“The value of a moment’s association with the devotee of the Lord cannot even be compared to the attainment of heavenly planets or liberation from matter, and what to speak of worldly benedictions in the form of material prosperity, which are for those who are meant for death.” (Shrimad Bhagavatam, 1.18.13)
According to the Vedas, the highest benediction in life is to have association with the saints. Saints are considered the saviors in this world, rescuing those with whom they come into contact.
The importance of having association with saintly people can be understood by examining our own lives. We are all influenced by our surroundings, and more specifically by the behavior of those around us. Our friends and family play a vital role in molding us and shaping our personalities. One need only look to professional sports to see examples of this. Tiger Woods, the famous golfer, was influenced by his father’s passion for golf. As a young child less than two years of age, Tiger one day, without cajoling, grabbed his father’s golf clubs and began to swing them. Wanting to imitate his father, Tiger took a great interest in the game as a young child and the rest was history. Children are a reflection of their parents, as is commonly believed. This fact is easy to understand since our parents are our first teachers and role models.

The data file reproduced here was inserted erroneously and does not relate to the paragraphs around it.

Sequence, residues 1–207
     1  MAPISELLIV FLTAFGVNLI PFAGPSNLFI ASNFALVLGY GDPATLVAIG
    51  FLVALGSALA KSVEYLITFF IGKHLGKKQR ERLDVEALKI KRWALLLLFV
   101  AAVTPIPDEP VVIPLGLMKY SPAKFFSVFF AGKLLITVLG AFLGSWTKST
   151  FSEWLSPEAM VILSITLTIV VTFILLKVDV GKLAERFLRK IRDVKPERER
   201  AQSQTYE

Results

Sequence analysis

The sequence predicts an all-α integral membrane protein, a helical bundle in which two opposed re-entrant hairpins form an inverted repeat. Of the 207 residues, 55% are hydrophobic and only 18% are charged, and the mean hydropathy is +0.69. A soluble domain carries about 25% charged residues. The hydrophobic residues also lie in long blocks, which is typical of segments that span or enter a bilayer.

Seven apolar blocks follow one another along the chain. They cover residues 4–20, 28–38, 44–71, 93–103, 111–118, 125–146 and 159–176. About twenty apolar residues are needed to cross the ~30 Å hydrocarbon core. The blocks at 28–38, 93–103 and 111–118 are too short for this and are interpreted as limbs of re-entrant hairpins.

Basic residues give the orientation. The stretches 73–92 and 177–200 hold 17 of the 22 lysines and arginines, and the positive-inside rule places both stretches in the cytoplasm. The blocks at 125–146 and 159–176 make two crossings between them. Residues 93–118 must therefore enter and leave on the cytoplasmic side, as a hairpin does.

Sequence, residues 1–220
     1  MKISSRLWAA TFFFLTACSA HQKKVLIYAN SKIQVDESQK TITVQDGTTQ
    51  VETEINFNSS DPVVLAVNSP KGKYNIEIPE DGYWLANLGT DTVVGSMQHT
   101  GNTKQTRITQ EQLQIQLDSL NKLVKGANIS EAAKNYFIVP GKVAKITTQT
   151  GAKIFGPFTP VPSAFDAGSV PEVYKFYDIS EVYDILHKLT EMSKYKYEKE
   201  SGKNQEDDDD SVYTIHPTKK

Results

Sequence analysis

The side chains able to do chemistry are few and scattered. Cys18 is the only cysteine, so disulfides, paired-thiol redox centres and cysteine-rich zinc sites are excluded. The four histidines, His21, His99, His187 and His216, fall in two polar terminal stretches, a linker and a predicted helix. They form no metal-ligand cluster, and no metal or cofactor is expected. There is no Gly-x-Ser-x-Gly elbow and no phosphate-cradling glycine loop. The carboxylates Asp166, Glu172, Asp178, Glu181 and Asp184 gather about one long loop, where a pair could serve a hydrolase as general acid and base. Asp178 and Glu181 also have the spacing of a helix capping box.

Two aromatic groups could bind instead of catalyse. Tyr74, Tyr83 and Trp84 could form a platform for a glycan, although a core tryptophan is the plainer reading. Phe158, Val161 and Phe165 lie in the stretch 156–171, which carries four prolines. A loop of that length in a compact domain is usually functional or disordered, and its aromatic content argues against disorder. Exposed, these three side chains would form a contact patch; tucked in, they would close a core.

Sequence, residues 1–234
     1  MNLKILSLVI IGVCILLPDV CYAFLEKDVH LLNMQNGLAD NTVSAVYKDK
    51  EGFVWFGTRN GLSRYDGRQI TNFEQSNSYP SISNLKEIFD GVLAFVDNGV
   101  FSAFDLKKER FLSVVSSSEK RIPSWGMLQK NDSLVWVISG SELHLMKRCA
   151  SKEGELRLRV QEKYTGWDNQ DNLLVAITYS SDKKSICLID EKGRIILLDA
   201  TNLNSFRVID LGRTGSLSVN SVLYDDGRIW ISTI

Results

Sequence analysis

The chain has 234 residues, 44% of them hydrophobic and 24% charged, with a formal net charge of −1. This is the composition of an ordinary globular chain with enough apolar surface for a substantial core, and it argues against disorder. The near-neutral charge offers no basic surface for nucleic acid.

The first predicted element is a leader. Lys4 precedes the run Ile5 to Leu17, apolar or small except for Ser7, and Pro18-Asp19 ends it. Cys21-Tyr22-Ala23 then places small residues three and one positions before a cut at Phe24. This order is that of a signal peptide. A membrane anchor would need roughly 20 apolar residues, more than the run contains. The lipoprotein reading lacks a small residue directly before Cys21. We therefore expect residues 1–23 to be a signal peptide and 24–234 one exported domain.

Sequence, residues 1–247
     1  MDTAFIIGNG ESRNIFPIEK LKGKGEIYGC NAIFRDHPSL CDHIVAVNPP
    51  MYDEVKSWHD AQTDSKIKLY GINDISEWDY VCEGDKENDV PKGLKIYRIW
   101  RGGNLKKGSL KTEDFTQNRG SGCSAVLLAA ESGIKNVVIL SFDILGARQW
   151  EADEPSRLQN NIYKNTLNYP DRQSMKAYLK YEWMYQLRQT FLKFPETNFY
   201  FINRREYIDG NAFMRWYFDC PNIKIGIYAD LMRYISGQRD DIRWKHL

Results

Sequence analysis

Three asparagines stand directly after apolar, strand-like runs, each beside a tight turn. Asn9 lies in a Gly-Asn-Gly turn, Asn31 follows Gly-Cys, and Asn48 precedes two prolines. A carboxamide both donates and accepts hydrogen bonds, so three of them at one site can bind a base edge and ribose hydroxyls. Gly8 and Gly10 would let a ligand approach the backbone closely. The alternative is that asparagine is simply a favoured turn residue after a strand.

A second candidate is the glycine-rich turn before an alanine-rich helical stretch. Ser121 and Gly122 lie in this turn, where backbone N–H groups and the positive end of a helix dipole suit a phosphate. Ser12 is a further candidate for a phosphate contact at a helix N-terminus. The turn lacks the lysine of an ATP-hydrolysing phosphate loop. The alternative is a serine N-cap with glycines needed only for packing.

The Vedas, the ancient scriptures of India, declare that saintly people are those who are Krishna, or God conscious. Someone may be very pious, kind-hearted, and devoted to benevolence, but that by itself doesn’t grant them the status of sainthood. We may come in contact with such pious people, but such association won’t benefit us greatly in the long run, since pious deeds by themselves don’t lead one to perfection.
“The Vedas mainly deal with the subject of the three modes of material nature. Rise above these modes, O Arjuna. Be transcendental to all of them. Be free from all dualities and from all anxieties for gain and safety, and be established in the Self.” (Lord Krishna, Bhagavad-gita, 2.45)
Pious activity falls in the category of the mode of goodness, which is material and not spiritual. This material world is made up of three gunas, or qualities. They are goodness, passion, and ignorance. Living entities possess these qualities to varying degrees, a fact which accounts for the 8,400,000 different species of life. God is so kind that He takes stock of our qualities and desires and rewards us with a body fit to fulfill those desires. Following scriptural rules and regulations, kindness, and being charitable are all qualities in the mode of goodness; a mode which is considered the highest of the three gunas. The problem with material qualities is that they all have karma associated with it. Karma is fruitive activity or works performed with a desired result in mind. Since even pious people have material desires, they are forced to accept another body after death by taking birth again in the material world. People engaged in the mode of goodness, which is known as sattva-guna, ascend to the heavenly planets after death, but residence there is not permanent. The merits earned by their pious deeds have a shelf life, and upon expiry of those merits, the living entity falls back down to the material world taking birth in a rich aristocratic family or a family which is God conscious.